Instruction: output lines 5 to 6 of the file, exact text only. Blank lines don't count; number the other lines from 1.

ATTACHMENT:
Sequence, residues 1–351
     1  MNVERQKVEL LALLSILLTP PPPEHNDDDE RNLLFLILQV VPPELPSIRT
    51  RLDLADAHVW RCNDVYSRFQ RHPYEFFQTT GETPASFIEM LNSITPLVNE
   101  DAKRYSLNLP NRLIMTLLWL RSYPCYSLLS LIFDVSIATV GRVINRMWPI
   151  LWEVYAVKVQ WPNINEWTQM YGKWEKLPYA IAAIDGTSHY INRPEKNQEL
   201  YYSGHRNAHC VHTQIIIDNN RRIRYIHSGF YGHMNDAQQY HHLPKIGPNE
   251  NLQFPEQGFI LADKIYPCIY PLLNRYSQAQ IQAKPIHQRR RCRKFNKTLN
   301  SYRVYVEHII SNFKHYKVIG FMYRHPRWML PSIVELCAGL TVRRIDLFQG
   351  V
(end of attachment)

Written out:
   151  LWEVYAVKVQ WPNINEWTQM YGKWEKLPYA IAAIDGTSHY INRPEKNQEL
   201  YYSGHRNAHC VHTQIIIDNN RRIRYIHSGF YGHMNDAQQY HHLPKIGPNE